On Marching & The Performance of Solidarity

A version of this blog also appeared on Medium

On President Trump’s 100th day in office, I’m thinking still about a lingering, ongoing sense of being reluctantly invited to join a spectacle of social change. It’s not the only reason I’m sitting out the People’s Climate March – I’m also busy, tired and need to have some time in my life when I’m not losing sight of what is true for me, which is that writing is my activism and my self-care but sometimes that looks like being silent, reading a book or being unproductive for a change.

But back to the spectacles.

The Women’s March was the most popular of these to date and I sat that one out, too, for a number of reasons, including concerns I had around inclusivity and representation. I know we’ve moved on and we’re so much better than this, but I will never forget learning first about the Women’s March from other black women who noticed that it was first named after the march led by black women as if that first one had never happened. Surely, it was merely a generational misstep, right? But so what. Erasure is erasure. If people erase you once, they will do so again.

But despite my personal ambivalence about an ongoing and popular performance of solidarity — the notion that by simply showing up and being physically present with mission-aligned people, the important intersectional work of sustainable social change becomes inevitable — I ignored the same problems with diversity that plagued the March for Science by making it a point to get to the satellite March for Science in New York City on Earth Day last Saturday.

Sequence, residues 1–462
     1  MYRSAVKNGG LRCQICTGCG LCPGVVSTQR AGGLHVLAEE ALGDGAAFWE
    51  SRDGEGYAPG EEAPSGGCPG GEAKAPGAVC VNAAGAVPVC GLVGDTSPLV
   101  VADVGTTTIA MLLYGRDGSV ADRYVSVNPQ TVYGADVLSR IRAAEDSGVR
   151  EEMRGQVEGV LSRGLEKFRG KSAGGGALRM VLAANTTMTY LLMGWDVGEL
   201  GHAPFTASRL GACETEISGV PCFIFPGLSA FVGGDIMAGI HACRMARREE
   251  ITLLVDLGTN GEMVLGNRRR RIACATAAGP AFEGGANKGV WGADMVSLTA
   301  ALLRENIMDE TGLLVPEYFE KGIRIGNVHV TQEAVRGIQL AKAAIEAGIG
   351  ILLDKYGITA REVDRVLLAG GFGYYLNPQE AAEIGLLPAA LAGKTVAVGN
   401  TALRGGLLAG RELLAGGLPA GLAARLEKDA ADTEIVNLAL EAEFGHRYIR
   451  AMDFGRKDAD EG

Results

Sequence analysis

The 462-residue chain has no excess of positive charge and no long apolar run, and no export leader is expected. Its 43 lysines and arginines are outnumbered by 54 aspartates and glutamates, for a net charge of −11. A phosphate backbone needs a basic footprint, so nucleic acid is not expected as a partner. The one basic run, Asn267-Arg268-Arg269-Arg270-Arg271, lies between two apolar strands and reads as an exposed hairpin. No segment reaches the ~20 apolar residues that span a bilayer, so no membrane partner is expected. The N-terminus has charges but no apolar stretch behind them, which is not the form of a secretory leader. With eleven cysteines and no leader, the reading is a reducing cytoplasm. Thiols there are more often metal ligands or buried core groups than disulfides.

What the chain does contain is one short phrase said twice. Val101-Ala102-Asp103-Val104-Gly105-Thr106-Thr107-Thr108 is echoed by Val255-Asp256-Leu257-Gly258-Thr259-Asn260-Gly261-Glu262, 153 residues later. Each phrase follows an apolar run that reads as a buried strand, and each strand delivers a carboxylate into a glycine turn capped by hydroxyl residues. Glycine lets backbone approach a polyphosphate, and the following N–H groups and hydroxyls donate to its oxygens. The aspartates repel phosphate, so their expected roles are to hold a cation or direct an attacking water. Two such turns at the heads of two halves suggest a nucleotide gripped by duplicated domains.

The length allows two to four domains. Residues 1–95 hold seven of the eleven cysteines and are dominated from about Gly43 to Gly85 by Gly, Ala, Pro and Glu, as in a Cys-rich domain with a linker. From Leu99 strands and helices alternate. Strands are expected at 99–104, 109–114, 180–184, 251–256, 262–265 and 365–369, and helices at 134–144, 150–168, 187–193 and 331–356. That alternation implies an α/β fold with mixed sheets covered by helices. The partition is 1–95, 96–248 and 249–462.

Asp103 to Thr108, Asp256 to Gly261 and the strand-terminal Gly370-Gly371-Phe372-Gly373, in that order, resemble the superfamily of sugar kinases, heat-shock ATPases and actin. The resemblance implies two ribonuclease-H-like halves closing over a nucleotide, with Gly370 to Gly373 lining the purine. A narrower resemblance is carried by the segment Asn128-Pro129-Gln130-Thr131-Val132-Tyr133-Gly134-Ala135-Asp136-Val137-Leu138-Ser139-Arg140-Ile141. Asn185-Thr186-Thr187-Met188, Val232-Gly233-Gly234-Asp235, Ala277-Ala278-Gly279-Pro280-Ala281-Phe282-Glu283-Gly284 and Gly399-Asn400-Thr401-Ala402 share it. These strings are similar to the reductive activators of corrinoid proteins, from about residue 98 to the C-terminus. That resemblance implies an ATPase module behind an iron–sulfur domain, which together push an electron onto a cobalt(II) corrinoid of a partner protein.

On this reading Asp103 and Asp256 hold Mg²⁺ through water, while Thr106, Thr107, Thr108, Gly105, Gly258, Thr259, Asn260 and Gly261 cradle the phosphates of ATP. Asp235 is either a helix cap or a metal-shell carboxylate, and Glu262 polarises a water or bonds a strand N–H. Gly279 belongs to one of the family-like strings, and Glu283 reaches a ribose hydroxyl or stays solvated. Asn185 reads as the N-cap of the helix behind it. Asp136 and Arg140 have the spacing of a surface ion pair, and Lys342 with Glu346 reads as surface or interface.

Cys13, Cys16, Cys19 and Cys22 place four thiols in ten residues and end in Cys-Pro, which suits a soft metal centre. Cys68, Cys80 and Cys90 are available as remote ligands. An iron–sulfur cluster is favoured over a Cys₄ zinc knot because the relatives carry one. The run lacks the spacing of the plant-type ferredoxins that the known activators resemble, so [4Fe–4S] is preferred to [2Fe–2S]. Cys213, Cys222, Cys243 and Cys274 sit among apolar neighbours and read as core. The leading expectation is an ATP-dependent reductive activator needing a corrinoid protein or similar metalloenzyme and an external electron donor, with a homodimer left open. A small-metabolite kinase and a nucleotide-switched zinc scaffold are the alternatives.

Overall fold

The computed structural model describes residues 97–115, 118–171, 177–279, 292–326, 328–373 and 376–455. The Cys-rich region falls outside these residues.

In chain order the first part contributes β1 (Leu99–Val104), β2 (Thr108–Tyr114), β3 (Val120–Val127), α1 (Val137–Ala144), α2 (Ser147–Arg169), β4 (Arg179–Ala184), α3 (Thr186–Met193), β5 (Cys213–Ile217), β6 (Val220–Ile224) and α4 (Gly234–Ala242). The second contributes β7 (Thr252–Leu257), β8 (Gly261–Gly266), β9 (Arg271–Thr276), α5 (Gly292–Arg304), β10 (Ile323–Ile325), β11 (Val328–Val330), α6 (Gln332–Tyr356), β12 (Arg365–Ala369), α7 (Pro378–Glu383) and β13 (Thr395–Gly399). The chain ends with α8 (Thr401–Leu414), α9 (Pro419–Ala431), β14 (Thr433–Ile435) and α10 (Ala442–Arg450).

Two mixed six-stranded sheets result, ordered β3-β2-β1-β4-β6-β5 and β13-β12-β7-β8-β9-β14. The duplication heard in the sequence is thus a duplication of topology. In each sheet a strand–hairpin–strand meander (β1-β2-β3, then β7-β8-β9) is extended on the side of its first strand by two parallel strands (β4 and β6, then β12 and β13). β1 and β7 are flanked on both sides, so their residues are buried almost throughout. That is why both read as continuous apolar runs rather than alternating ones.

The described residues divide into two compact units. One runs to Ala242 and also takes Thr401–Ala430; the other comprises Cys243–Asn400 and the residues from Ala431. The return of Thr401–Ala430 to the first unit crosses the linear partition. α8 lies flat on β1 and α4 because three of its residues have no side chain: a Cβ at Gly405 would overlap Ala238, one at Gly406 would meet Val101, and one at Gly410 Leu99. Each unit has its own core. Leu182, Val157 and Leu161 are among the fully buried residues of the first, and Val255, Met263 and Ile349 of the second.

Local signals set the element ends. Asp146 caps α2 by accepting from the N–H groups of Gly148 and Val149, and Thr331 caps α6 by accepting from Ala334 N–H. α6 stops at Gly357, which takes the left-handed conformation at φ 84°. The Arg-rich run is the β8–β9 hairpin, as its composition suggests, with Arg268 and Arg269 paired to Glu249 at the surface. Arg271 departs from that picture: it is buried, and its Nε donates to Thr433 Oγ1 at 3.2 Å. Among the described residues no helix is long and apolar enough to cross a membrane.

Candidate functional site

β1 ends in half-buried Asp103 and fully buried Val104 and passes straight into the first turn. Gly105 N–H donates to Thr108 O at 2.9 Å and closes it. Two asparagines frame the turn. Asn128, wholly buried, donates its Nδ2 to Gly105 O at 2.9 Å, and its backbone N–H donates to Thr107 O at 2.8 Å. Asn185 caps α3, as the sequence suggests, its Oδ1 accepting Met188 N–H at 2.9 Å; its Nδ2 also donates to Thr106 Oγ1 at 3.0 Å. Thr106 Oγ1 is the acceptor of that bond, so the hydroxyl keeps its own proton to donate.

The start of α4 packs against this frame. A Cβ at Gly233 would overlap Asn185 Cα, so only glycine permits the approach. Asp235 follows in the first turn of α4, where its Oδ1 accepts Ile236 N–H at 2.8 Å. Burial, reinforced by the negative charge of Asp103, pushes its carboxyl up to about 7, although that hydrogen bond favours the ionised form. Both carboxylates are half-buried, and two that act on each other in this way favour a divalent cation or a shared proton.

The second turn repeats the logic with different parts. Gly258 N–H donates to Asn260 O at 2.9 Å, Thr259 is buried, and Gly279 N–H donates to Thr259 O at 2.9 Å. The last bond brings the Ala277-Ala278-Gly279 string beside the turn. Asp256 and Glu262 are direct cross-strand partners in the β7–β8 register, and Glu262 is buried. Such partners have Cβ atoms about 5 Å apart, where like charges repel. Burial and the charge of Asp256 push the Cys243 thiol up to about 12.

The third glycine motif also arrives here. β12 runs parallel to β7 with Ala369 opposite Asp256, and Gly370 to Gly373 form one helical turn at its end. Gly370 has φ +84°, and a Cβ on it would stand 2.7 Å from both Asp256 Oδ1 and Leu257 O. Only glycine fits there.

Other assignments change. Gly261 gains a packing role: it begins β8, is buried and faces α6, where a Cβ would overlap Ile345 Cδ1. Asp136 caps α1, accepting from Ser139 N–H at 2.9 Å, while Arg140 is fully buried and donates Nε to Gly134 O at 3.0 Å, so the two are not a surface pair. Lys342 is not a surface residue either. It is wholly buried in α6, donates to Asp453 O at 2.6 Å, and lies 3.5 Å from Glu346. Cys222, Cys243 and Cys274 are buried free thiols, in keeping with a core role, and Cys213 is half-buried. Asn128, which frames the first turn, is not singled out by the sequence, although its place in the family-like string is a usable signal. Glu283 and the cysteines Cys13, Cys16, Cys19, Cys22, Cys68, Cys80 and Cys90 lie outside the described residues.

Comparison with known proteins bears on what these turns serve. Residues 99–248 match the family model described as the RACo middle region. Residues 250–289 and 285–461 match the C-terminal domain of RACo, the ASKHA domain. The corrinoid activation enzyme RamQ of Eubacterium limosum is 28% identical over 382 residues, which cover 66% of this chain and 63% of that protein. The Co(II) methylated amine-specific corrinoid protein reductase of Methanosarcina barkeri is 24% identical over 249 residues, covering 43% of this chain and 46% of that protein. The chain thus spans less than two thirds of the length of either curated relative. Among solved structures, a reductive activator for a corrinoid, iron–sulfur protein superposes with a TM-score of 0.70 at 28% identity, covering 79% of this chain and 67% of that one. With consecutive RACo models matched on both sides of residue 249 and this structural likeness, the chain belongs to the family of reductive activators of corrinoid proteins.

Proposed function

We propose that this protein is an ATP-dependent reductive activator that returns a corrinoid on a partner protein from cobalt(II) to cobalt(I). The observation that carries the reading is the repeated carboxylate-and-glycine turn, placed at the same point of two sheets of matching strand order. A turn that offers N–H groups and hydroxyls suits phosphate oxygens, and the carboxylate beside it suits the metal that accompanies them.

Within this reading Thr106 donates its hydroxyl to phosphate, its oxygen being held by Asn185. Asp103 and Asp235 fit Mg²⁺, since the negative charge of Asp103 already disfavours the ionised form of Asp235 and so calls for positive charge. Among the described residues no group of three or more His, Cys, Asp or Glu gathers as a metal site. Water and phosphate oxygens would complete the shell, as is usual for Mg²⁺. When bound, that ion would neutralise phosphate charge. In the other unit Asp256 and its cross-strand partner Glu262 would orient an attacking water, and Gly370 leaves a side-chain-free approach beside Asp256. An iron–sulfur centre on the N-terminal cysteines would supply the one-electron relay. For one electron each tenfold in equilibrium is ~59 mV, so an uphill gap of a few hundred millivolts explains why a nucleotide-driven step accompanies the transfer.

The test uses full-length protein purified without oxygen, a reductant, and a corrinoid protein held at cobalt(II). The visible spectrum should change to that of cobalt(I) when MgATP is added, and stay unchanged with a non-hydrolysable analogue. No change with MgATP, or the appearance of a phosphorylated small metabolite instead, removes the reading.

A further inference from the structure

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The sense of resistance to inclusion resurfaced this week when I read about Rev. Lennox Yearwood Jr.’s encounter with police at the D.C. March for Science, which involved him being slammed against a food truck. He told ThinkProgress: “For me to go through that amplified what a lot of people of color have told me — that they don’t feel welcome in the environmental movement, or they can be singled out. I’ve been in the climate movement for a long time, and for the first time, I felt out of place. At that moment, I was just a black guy who was stopped by the police, harassed, roughed up, and let go.”

Rev. Yearwood went on to say in his HuffPost piece that broadening the environmental movement in particular, in terms of numbers or diversity, will only happen when meaningful things are put in place to do so. That includes the empathy that comes with knowing what it looks like to march as a person of color for science, for climate or any issue, for that matter.

It will mean going beyond performing the work of social change and solidarity.

Because I believe this, even though it’s sort of at odds with my status as an outgoing introvert, I forced myself out of my comfort zone on Saturday.


Part of why I was so invested in attending the March for Science is because I spent the better part of a year and a half at the end of the Obama Administration with a group of people I affectionately refer to as “the science nerds,” working as a deputy press secretary in the Office of Public Affairs at the Department of Energy. With a team of brilliant appointees and federal staff, I helped connect journalists to subject matter experts on energy efficiency, cybersecurity, wind and hydropower. I led the Energy Department’s coordination with the White House on initiatives related to deploying solar to low-income neighborhoods, broader incentives for electric vehicle adoption and more.